Why Hayek Abandoned the Average Period of Production?

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Between 1933 and 1936, Frank Knight and Friedrich Hayek engaged in a spirited dispute about the Austrian Theory of Capital through an exchange of articles that revealed Knight’s criticism and Hayek’s defense of the concept of the Average Period of Production (APP). The controversy began with attacks by Knight (1933) in his Capitalistic Production, Time and the Rate of Return, to which Hayek (1934) responded with On the Relations between Investment and Output. Later, Knight (1934, 1935) continued with his “Capital, Time and the Interest Rate” and Professor Hayek, with his Theory of Investment. Finally, Hayek (1936) accepted in The Mythology of Capital problems that the concept of the APP caused the Austrian theory of capital, stating that he would never use it.

Posted for comments on 11 Aug 2017, 9:53 am.

Comments (3)

  • Avi J. Cohen says:

    The stated argument of the paper is that, “Unlike Cohen (2003), this work will show in detail how the arguments of Knight persuaded Hayek of the inappropriateness of the APP as an instrument of general equilibrium analysis of the process of aggregate capital accumulation, in both equilibrium and comparative statics.”

    But Cohen’s (2003) conclusion includes:

    Hayek also recognizes the measurability problems associated with any period of production, due to the influence of the interest rate on the calculation of the length of any production period. Outside of a model with a single homogeneous input and one-commodity output, Hayek (1941, 141–42) freely acknowledges that “all attempts to reduce the complex structure of waiting periods . . . are bound to fail, because the different waiting periods cannot be reduced to a common denominator in purely technical terms.”

    The author’s conclusions (pp 13-14) are all part of the conclusions of Cohen (2003).

    Another stated difference from Cohen (2003) is that the author excludes additional Knight and Hayek papers discussed in Cohen (2003). One would expect of original work to extend the scope of literature discussed, rather than limit it!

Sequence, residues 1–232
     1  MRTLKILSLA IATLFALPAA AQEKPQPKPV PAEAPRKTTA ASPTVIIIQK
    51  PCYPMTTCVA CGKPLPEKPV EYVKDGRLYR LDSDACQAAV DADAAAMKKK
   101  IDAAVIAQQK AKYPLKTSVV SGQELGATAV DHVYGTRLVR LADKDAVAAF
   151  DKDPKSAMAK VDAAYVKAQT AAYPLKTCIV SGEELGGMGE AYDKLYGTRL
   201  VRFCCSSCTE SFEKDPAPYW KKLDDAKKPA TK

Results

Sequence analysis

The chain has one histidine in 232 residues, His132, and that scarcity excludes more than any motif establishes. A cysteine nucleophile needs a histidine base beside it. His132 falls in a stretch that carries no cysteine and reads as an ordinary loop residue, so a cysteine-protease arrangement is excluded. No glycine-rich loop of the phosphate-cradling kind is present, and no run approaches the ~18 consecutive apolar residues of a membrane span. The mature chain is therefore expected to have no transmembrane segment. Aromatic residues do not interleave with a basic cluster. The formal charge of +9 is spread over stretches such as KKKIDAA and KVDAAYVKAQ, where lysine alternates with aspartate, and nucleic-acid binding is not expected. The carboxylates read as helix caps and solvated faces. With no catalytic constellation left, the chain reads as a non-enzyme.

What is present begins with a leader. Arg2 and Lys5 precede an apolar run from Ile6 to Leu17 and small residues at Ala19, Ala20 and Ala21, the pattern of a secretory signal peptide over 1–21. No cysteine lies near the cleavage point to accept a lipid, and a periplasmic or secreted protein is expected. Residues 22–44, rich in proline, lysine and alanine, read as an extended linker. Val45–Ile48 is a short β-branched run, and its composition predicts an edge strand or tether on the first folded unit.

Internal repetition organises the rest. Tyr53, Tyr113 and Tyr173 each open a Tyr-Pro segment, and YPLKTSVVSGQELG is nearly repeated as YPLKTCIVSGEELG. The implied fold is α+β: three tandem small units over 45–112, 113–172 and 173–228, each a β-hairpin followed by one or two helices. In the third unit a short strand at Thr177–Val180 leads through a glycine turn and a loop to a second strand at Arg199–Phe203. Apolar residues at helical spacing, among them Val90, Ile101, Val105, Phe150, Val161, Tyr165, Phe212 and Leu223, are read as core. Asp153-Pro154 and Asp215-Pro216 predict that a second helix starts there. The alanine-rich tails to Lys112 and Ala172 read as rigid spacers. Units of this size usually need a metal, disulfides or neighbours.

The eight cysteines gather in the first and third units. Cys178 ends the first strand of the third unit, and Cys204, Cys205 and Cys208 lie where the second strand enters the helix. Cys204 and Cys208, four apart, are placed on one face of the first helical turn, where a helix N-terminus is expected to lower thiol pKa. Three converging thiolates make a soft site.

I cannot find any original contribution in the paper.

    I also note much sloppiness suggesting the paper was not proofread – spelling errors “Bõhm-Bawer (fn 3); repeated sentences “The production period lacks a beginning and an end” (p 4); the wrong title of the Cohen (2003) article in the References; among others. When an author does not care to take the time to proofread his/her work, the reader loses motivation to take the time to read it carefully.

  • Julian Libreros says:

    Dear Professor David Cohen,

    Thank you a lot for your comments. I will integrate the remarks in the document.

  • Nicolas Cachanosky says:

    The paper revisits the Hayek-Knight controversy on capital theory, in particular, the issue of the “(average) period of production”. Even though this episode is well known, a few implications and comments are worth noting.

    First, as long as we agree that production takes time, then there has to be something like the “period of production”, regardless of how difficult it may be to precisely measure it. This is a reason why debates surrounding this issue are so conflicted. Rejecting a particular measure of the period of production is not the same than rejecting the concept. The role of time in production can be removed from the problem by assuming the market is *already* en equilibrium and somehow capital automatically produces output. However, the role of concepts such as the period of production is precisely to explain movements and changes in the market, not just to describe how equilibrium looks like.

    There is a case to be done that Knight pushed back on Hayek’s stance on the period of production as this paper shows. However, Hayek did not abandon the idea completely, nor its implications. Namely, for Hayek as the interest rate (the price of time) is reduced, then there will be “some sort of” overinvestment in the sense that production processes are taking too much time. One way Hayek tried to return to this issue was through the Ricardo Effect.

    Finally, I would assign more weight to the shift in the concept of the period of production from being a backward-looking concept to be a forward-looking concept. This change is important since leaves Hayek only one step away from offering the same solution that Hick does. Namely, define the period of production as (we call it today) the Macaulay duration of expected the cash-flow of a production process. It is not clear why this ends in a circular reasoning (p. 13). Recall that in the Austrian literature interest rate is the price of time, not the price of capital. An interesting question would be how and why supporters and critics of the period of production overlooked Hick’s contribution.